Parent Raises Concerns Over Brookville School Shooting Threat

BROOKVILLE, Pa. (EYT) – The mother of the Brookville student who reported plans of an alleged planned school shooting at the Brookville Junior/Senior High School in early April took to Facebook this week to express her concerns about the situation this past week.

Jenny Curry wrote in an April 30 post that it is her belief that the students who were planning the attack have been released from Pathways Adolescent Center and could end up attending the school again if the district doesn’t expel them.

“(On) Saturday, April 27, 2019, (our son) was in his room playing Xbox Live when he found out that BOTH BOYS were out of Pathways and that BOTH BOYS ‘knew’ that (he) told,” Curry wrote. “Somehow, they had information that was only disclosed in the police report. Now, some threats have been placed on (him). He’s been called a snitch, a tattle (tale) and can’t be trusted, etc. Now our son is being bullied.”

Curry wrote that it was her understanding that if the alleged planners “pass an evaluation” they would be “allowed” back into school if the district doesn’t expel them.

“These kids are out of lockup, they are allowed back in public, they are allowed back on social media,” Curry wrote. “From our eyes, the boys just got a slap on the hand and told not to do it again. My husband and I are very upset that the only one that seems to be getting punished is the one that saved countless lives. Even the lives of the kids that were planning the shooting.

“In our eyes, our son is a HERO!!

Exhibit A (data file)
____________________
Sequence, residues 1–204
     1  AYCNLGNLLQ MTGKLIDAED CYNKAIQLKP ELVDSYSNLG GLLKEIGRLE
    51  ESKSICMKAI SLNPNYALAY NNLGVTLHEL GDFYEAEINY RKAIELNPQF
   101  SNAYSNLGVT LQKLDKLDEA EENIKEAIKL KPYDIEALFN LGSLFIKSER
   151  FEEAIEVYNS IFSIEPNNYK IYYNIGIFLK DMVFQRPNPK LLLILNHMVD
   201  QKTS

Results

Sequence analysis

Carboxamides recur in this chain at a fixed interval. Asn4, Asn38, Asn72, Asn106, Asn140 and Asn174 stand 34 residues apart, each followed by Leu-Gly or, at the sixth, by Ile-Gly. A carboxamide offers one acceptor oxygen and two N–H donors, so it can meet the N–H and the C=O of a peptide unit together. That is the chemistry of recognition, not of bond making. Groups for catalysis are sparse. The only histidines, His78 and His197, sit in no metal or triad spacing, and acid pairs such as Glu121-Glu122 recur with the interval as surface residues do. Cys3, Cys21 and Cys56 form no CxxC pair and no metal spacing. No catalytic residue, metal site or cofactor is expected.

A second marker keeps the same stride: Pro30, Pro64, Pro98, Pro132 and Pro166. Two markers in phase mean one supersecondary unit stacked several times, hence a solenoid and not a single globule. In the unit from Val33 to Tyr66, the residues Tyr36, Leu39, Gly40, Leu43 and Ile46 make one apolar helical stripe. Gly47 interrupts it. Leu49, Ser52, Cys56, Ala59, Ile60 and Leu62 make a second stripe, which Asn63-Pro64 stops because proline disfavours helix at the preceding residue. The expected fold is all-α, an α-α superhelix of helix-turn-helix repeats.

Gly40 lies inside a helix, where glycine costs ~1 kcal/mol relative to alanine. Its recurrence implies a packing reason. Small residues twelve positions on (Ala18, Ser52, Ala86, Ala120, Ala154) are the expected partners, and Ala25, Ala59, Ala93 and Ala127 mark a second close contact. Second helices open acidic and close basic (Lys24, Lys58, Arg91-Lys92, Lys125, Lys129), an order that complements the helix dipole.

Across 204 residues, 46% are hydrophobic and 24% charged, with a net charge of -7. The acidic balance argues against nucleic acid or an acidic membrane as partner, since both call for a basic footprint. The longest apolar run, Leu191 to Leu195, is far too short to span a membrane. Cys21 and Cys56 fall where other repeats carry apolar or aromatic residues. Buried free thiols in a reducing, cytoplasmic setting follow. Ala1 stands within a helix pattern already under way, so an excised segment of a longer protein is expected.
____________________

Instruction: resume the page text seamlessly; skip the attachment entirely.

“Sadly there are some that think otherwise. I can’t even imagine what would have gone down if nothing had been said. Your children are still alive. The boys are still alive. These boys need help. They need to be taught how serious this was.”

Jefferson County District Attorney Jeff Burkett’s office said it didn’t have a comment on the matter when asked if the alleged attack planners were still in custody, with a representative in the office saying they couldn’t comment on the matter because it involved juveniles.

According to the Brookville Area School District Student-Parent Handbook, a student may be expelled from school for “possession” of a weapon. It also states that a “disruptive” student, which is defined as “a student who poses a clear threat to the safety and welfare of other students or the school staff, who creates an unsafe school environment or whose behavior materially interferes with the learning of other students or disrupts the overall educational process,” could merit expulsion. One of the definitions of a disruptive student in the handbook is a student who exhibits “violent or threatening behavior on school property or during school-affiliated activities” with another definition being a student who makes a “commission of a criminal act on school property or during school-affiliated activities.”

The handbook also states that the School Board “may permanently expel from the district rolls any student whose misconduct and disobedience warrants this sanction.”

Any student facing expulsion will go through a formal hearing before “a duly authorized committee of the Board” unless an expulsion waiver is signed by the student/parents/guardians and approved by the school board.

The Parent-Student Handbook also addresses bullying:

“The District is committed to providing a safe, positive learning environment for students.